Monday, December 17, 2018

Hoka One One Mach 2 Review: Bouncier Responsive Up Tempo and Race Shoe for Road and Some Trails

Article by Derek Li, Dom Layfield, and Sam Winebaum

Hoka One One Mach 2 ($140)

The Mach 2 arrives with a completely new softer, engineered mesh upper on a new last focused on opening the arch profile to eliminate the infamous Mach and Clayton bite there.  While as before a dual density ProFly midsole (softer heel, firmer responsive forefoot) ,we now have rubberized foam, similar to what was used in the former outsole layer in the Mach 1, as the entire midsole and outsole in a single slab. The two densities are co-molded to eliminate the glue layer and its effect on transition feel. The weight remains essentially unchanged.

Roomy, soft, secure fitting upper
Great wet pavement traction
Substantial cushion, light weight, upper security, stability, and underfoot protection as a non technical trail run shoe,
Slightly overweight given recent competition in its class 
Raised midsole walls may not be ideal for flat wide feet.
Road runner testers would prefer a slightly higher drop here

Official Weight: men’s 8.0 oz // 227 g, women’s 6.6 pz //187 g
Sample Weights:
Sam: US M8.5: 7.5 oz // 213 g
Derek: US9.5  8.04 oz // 228g
Dom: US M10 8.3 oz // 236 g
Estimated Weight US M9: 7.8 oz // 221 g
Weight of Mach 1: US 9 7.9 oz // 224 g
Stack Height: 27/22 mm estimated, official 24/19mm (without sockliner), 5 mm offset
$140. Available February 2019

Reviewer Profiles: 
Sam Winebaum, 61, qualified for Boston 2019 with a 3:40. His recent halves are in the 1:35-1:42 range. He trains 30-40 miles per week at mid 9 minute mile pace. He is a heel striker.
Derek Li, 36, has marathon and half marathon PBs of 2:41 and 1:17. He runs 70-80 miles per week on paved roads mostly at 7-8 minute mile pace.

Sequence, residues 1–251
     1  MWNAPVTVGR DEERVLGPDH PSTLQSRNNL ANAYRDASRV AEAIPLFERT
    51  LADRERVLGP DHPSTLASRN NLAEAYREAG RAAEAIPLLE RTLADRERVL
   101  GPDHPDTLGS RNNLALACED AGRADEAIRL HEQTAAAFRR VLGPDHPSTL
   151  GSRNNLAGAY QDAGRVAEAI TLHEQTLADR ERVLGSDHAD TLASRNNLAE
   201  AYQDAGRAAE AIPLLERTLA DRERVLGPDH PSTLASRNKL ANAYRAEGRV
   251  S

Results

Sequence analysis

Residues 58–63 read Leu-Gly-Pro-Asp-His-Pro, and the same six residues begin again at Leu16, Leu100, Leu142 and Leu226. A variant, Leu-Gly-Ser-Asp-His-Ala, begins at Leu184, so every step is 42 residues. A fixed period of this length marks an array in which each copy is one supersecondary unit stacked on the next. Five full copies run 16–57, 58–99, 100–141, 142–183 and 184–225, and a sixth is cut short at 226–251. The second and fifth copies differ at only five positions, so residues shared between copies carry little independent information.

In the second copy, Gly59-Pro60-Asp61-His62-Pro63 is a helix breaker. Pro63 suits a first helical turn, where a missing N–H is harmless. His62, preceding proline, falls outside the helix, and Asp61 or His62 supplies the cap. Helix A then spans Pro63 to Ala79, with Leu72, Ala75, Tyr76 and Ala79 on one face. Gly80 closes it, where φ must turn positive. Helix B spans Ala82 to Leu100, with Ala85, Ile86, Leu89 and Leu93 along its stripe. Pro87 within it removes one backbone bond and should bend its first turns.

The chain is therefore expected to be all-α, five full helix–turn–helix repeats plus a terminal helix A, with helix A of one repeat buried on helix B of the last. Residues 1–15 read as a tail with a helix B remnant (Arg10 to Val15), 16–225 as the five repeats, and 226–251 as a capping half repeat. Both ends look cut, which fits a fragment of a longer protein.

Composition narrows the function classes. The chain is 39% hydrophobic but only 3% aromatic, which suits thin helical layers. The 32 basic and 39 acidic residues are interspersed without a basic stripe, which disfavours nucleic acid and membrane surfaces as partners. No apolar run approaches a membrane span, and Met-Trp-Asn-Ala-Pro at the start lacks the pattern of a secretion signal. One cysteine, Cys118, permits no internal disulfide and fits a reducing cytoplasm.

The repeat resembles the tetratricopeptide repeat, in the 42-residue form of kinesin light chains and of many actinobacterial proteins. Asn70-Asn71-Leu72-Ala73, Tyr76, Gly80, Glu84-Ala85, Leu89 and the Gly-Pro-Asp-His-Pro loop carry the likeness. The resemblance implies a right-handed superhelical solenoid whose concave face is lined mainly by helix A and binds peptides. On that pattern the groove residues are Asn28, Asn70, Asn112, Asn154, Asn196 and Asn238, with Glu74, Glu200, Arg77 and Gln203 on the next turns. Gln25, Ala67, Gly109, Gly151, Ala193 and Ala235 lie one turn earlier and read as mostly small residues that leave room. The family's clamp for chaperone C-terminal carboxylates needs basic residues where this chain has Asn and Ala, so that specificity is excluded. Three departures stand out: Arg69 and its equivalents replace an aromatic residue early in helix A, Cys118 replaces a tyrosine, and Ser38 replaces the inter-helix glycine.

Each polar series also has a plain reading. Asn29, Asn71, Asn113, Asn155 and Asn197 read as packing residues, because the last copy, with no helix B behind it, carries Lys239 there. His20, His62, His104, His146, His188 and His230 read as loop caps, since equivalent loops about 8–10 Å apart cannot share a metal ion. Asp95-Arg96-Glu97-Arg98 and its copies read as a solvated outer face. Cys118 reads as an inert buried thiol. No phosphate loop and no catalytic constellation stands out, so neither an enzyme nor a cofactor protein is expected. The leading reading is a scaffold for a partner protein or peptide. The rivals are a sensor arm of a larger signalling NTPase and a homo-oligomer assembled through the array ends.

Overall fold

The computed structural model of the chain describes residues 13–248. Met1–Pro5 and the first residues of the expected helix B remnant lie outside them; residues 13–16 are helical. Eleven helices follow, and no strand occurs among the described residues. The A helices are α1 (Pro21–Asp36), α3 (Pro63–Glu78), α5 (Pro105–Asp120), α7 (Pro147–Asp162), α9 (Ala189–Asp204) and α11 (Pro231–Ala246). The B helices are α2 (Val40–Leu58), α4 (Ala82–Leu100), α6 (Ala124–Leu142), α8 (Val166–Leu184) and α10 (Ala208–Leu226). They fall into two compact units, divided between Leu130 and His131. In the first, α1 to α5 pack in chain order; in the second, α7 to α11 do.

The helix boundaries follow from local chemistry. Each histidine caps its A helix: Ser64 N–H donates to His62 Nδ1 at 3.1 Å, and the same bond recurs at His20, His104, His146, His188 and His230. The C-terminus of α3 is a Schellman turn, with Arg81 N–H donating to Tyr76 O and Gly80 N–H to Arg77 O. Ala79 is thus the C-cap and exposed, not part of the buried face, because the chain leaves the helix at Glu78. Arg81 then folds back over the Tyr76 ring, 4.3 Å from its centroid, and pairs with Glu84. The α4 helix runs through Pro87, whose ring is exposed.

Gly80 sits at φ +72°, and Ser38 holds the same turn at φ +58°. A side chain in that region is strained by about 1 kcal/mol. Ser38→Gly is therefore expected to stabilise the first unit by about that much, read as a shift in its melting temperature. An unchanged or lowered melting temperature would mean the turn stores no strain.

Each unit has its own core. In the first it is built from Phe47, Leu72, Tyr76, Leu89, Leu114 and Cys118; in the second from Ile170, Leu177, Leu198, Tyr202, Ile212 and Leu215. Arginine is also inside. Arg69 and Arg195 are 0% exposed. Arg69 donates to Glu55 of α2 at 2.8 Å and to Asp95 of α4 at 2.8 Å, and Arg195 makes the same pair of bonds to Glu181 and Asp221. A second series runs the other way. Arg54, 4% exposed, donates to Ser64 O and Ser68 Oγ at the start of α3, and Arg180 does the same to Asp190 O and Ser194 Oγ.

Dominick Layfield, 47, trains and competes mainly on trails in Southern California running about 2500-3000 miles per year with 500K vertical per year. In 2017 he was 14th at Western States 100 in 2018 finished 50th at the 2018 UTMB and 32nd at the Los Angeles marathon in a time of 2:46:08

First Impressions and Fit
Derek: My first thought on initial step in was that they had upped the overall volume of the shoe by quite a bit. I never did get around to trying the Mach 1, but I have owned early versions of the Clayton, and the instep was noticeably wider. The shoe also feels just a touch longer than the Claytons. Not to the extent of feeling sloppy, but there was definitely a bit of breathing room, even for my relatively low arches. It wasn’t just the footprint that got wider either; i felt that the overall shoe volume was increased, with a bit more height especially at the midfoot and the heel. One of the things a didn’t particularly like about the early Claytons was the shallow heel, which predisposed to heel slippage, especially if you tried to loosen the laces more to get around the instep fit issues. With the Mach 2, i could comfortably get a good lock down and overall snug feel without having to use the last lace loop. I was also very happy that they went away from the semi-elastic flat laces to more substantial inelastic flat cotton laces. I think theses laces hold lace tension much better, and there is much less chance of the laces unravelling, especially when wet. Nike could use some of that for their Flyknit uppers, but that’s another story. In essence, these shoes fit true to size for me, and are some of the best fitting shoes I’ve had in quite some time. Lace up and forget all about them. No mid-run adjustments needed straight out of the box.

Dom: I've previously worn (extensively) the Clayton 2 and the original Mach, and the shape of the Mach 2 is similar. It's not a shape that fits my feet particularly well. However, the shoe is fairly forgiving and can accommodate most feet that are not hobbit-like.  In the past I've used Hoka road shoes to race on trail simply because nothing else matches their cushion-to-weight ratio.